By Gill Armstrong, Monash University
MELBOURNE, March 14 – People looking for cost-effective ways to heat or cool their home can spend hours comparing the energy efficiency of products on the market.
But even the most energy efficient appliance won’t make up for a poorly-constructed building. As we head toward 2 degrees warming and more heatwaves, something needs to change.
Rather than prioritising new appliances — or even rooftop solar — many experts are encouraging householders to pursue a ‘fabric first’ approach to creating a comfortable living space. A fabric first approach is about starting with the components and materials that make up the building itself, maximising their performance.
For example, homeowners could prioritise upgrading their home’s thermal shell (external walls, ground floor and roof) by increasing air tightness through sealing gaps left by old vents and around doors and windows.
A home’s thermal shell can also be improved with insulation, shading to north and west facing windows and upgrading old windows to UPVC frames and double glazed.
There is a saying when renovating thermal shells which is easy to remember — ‘insulate tight, ventilate right’. A home with an efficient thermal shell is easier to keep cool in summer and warm in winter. This reduces energy bills and carbon emissions.
Approximately 40 per cent of household energy is used for heating and cooling. This could be cut to almost zero through effective, climate-appropriate design.
In Australia, implementing the recently updated National Construction Code will go some way towards new homes and major renovations being built with efficient thermal shells.
As most Australian homes were built before any energy performance standards existed, and may not have had upgrades recently, households are being exposed to the choice of either unsafe temperatures or high bills.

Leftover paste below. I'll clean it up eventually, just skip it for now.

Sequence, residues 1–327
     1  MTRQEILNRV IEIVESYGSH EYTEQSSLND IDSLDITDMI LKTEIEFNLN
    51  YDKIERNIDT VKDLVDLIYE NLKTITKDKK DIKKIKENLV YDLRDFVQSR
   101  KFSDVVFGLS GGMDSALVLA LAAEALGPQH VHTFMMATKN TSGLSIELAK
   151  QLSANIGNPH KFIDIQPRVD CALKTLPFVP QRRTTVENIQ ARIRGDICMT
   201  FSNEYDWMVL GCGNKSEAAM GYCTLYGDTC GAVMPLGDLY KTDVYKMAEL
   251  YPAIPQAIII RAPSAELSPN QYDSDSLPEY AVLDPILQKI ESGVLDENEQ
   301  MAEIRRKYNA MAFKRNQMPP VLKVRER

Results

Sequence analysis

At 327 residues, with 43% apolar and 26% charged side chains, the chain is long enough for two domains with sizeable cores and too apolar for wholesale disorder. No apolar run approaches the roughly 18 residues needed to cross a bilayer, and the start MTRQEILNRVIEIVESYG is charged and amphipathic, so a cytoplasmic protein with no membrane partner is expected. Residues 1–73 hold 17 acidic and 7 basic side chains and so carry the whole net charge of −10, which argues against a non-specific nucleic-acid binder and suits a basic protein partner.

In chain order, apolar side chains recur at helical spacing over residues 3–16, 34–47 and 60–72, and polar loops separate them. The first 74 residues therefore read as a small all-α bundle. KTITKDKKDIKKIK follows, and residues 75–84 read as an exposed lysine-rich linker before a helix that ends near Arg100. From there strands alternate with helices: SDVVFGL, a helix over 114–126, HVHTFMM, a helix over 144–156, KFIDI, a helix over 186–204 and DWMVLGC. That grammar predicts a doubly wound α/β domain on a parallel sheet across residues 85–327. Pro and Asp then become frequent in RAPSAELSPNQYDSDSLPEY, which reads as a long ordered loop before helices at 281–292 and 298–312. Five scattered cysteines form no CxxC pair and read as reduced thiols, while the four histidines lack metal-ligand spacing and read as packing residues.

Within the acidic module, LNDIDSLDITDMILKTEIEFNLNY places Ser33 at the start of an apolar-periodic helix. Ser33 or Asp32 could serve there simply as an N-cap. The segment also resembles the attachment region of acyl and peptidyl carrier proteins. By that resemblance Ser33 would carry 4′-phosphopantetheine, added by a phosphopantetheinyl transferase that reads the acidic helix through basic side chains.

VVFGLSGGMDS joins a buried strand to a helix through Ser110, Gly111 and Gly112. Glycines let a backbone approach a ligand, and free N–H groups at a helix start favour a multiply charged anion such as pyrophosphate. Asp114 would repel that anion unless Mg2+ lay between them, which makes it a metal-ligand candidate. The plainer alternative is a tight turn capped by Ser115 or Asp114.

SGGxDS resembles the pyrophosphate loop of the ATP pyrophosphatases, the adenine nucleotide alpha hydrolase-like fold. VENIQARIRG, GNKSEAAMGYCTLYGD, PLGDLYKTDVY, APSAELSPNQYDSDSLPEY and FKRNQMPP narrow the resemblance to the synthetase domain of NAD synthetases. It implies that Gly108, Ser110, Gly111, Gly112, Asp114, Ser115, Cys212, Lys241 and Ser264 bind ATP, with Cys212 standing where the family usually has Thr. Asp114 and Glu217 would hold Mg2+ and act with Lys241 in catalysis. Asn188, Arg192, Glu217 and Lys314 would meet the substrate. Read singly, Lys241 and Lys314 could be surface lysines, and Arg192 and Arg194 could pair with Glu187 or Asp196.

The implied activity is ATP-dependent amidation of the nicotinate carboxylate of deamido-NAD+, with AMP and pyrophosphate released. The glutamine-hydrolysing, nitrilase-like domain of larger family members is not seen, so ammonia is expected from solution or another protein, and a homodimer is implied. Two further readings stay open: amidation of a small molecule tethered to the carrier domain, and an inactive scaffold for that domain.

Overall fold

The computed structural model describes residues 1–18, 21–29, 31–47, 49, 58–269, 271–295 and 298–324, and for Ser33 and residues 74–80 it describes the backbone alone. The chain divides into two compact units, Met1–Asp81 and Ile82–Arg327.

The Australian Housing Dataset measures the energy efficiency of homes and apartments built since 2016, which are covered by mandated energy star minimums
And while many homeowners have some ability to renovate their homes’ thermal shell, this is not an option for the more than 30 per cent of Australians who rent.
People on low incomes are particularly vulnerable to the adverse effects of poorly built homes.
A recent report by the Australian Council for Social Services found nearly two-thirds of those on income support have difficulty keeping their homes cool in summer.
Another survey, of over 13,000 renters across Australia, showed that about one quarter of renters struggle to stay comfortable in both summer and winter. But more renters in Brisbane, North Coast and eastern Melbourne report discomfort in summer heat than in the cold of winter.
Earlier research by the University of New South Wales found people living in social housing in Sydney experienced temperatures ranging from 5°C in winter to 39.8 °C in summer. But the investment in a home does not have to be enormous to produce positive results.
In 2022, Sustainability Victoria released a report on the Victorian Healthy Homes program, which installed thermal comfort and energy efficiency upgrades in 1,000 homes of low-income Victorians.
It found that a modest average investment of under $3,000 produced nearly $1,000 in savings on health and energy bills over a three-month winter period.
Monash University-based not-for-profit Climateworks Centre has launched a project called Renovation Pathways with the aim of kickstarting the energy performance upgrade of Australia’s existing building stock.
Renovation Pathways has identified the most prevalent types of homes to help homeowners, across Australia’s different climate zones, decide what is a cost-effective renovation to achieve a sustainable and healthy home in different regions.
In a recent submission to the Australian government on the National Energy Performance Strategy, Climateworks recommended ways the government could promote targeted approaches to energy-efficient and zero carbon renovation of existing buildings across all climate zones.
These included providing financial incentives such as targeted tax rebates, subsidies and loans, and working with banks on normalising energy upgrade requirements for mortgages.
Grant programmes could specifically target low-income households to improve access to energy efficiency audits and upgrades as well as rooftop solar. To have the greatest impact, the group recommended targeting financial support to social housing providers, private landlords in low-socio economic areas, and apartment complexes with strata bodies, as both landlords and renters have the least agency to upgrade these homes.
It also suggested new regulations for existing buildings, including minimum rental standards by 2025 and that government lead by example by prioritising investment in upgrading social housing and supporting low income households.
Doing so could stimulate the market and improve supply chains, skills and materials in fabric-first design and construction.
Dr Gill Armstrong is senior project manager in Climateworks’s Cities team, leading research and policy projects to decarbonise Australia’s buildings sector.
Article courtesy of 360info.